Friday, April 6, 2012

Interview about Tim Gombis' The Drama of Ephesians

Matthew Montonini did an interview with Tim Gombis about his book The Drama of Ephesians. Read the interview and you will know why the book is such a treasure. Here is one of the questions in the interview.

"Matthew Montonini: Could you talk a bit about Paul’s cruciform role in Ephesians 3.1-14, and how as actors in the gospel drama what are some of the ways we are to model ‘power in weakness’?

Tim Gombis: This was the most powerfully transformative passage for me personally. It is so utterly counter-cultural and counter-intuitive. We imagine that we will succeed personally and professionally through self-assertion and will advance in our careers (or in ministry!) through power-accumulation and the exercise of power over others.

But throughout Ephesians (and everywhere in Paul), the manner in which God triumphs in Christ sets the normative pattern for Christian discipleship. God triumphs through the death of Christ, he wins by losing. The victory of the powers was their defeat and the defeat of Christ was his victory. Paul draws the clear implication that if God triumphs through the cross, then cruciformity thoroughly shapes Christian communities and Christian lives.

I believe this is what Paul is getting at in Ephesians 3. His imprisonment is not a set-back, but the perfect place for God to magnify his triumph over the powers. God builds his church through the preaching of this shamed prisoner, this ‘least of all the saints’, rather than through someone with loads of social or political capital. For Paul, this makes perfect cruciform sense, and it is one of a number of passages that sets the normative ethical pattern for Christian existence.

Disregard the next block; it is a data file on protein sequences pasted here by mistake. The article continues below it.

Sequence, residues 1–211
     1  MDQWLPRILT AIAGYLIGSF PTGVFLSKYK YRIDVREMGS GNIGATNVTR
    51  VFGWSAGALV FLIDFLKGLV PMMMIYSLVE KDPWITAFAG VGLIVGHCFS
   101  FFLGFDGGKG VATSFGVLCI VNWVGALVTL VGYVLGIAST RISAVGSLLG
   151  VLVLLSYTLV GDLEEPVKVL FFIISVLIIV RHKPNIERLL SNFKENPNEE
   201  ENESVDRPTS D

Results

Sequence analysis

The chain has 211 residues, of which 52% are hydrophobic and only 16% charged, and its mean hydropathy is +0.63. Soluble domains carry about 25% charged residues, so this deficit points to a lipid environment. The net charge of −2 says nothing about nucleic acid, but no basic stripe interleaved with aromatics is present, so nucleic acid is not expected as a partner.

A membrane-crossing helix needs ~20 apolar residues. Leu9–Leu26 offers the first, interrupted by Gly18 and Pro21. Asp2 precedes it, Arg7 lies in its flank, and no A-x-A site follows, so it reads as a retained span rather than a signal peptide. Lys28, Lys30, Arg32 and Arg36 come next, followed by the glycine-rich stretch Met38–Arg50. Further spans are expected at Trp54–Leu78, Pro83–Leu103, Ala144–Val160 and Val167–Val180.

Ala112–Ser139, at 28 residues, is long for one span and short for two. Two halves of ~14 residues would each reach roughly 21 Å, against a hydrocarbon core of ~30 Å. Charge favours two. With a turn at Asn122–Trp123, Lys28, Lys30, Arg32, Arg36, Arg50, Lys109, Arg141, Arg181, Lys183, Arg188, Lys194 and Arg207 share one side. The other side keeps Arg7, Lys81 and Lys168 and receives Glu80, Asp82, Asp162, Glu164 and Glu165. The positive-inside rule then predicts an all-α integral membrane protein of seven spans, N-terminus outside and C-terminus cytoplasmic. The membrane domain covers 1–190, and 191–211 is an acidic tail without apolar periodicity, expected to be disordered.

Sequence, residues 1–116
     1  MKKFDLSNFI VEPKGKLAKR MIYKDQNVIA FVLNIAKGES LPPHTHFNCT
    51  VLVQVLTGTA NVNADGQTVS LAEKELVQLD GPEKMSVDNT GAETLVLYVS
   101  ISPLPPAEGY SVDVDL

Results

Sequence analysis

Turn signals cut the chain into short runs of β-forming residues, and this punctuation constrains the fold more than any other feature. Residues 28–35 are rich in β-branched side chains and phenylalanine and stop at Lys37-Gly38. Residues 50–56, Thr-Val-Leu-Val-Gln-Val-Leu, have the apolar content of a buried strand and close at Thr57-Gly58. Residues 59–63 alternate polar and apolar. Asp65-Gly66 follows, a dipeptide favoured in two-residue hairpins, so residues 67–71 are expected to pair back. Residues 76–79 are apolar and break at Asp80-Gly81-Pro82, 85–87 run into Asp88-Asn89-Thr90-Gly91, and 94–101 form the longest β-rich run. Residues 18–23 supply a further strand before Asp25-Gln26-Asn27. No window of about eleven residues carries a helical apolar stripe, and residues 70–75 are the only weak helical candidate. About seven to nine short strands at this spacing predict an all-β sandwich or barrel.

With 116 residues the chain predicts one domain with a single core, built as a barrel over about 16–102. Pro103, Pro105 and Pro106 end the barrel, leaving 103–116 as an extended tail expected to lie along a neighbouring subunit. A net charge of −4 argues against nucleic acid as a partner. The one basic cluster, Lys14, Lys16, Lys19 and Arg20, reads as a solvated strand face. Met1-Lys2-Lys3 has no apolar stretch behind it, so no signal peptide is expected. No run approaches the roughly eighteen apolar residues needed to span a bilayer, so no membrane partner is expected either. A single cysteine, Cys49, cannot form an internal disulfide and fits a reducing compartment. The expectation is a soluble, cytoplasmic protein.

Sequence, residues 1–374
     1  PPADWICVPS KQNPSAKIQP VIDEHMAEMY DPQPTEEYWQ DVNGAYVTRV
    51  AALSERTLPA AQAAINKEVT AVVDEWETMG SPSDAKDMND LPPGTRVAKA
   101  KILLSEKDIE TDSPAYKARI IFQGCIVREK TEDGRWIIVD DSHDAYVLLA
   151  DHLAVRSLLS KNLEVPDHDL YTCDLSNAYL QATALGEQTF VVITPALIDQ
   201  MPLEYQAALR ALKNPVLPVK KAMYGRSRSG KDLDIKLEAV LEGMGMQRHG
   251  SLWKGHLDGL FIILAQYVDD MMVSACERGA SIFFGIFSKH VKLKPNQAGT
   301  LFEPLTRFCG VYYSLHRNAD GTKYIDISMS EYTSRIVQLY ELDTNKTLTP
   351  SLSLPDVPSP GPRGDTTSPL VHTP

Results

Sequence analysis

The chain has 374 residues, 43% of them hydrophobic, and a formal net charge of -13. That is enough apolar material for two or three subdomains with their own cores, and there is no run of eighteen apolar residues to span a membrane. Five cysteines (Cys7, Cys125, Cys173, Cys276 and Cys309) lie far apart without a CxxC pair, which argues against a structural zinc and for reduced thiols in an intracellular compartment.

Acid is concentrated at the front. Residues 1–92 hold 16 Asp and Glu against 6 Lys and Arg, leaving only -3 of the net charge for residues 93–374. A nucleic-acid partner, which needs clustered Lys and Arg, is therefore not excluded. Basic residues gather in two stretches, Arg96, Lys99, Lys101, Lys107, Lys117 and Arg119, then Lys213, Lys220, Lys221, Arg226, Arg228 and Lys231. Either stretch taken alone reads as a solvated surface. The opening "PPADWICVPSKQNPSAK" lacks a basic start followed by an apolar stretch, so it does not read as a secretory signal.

How do we model that? By cultivating postures of servant-hood and humility in relationships, never exercising power over others nor relating manipulatively. For those who are well-practiced in (self-)destructive relational modes, our repentance is a bit more painful! But the way of life is the way of the cross."

Click here for the full interview.

1 comment:

Earning a Prophet's Wage said...

These thoughts really encourage me. I have been wrestling with just these notions of redemptive suffering vs. Redemptive violence. Of vocational suffering. of strength of God in my weakness and shame, of wisdom of God in my foolishness etc.

Not some hippy paradoxical statement while high on dope, but really embracing humiliation when every fiber of my being grasps at pride, and seeking God's hand in the service I give to the world in just that posture.

Thanks. This post blesses me too. I am glad I found your blog.